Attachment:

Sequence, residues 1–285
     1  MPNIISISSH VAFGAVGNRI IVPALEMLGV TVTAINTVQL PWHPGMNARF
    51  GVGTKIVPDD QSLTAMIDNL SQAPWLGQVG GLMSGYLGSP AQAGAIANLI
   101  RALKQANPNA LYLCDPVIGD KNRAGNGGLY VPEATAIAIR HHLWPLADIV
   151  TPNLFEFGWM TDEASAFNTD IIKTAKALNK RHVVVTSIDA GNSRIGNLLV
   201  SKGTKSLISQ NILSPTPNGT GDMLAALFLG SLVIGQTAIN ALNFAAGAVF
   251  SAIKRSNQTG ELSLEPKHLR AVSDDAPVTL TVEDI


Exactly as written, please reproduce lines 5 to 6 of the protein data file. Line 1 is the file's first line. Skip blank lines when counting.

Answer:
   151  TPNLFEFGWM TDEASAFNTD IIKTAKALNK RHVVVTSIDA GNSRIGNLLV
   201  SKGTKSLISQ NILSPTPNGT GDMLAALFLG SLVIGQTAIN ALNFAAGAVF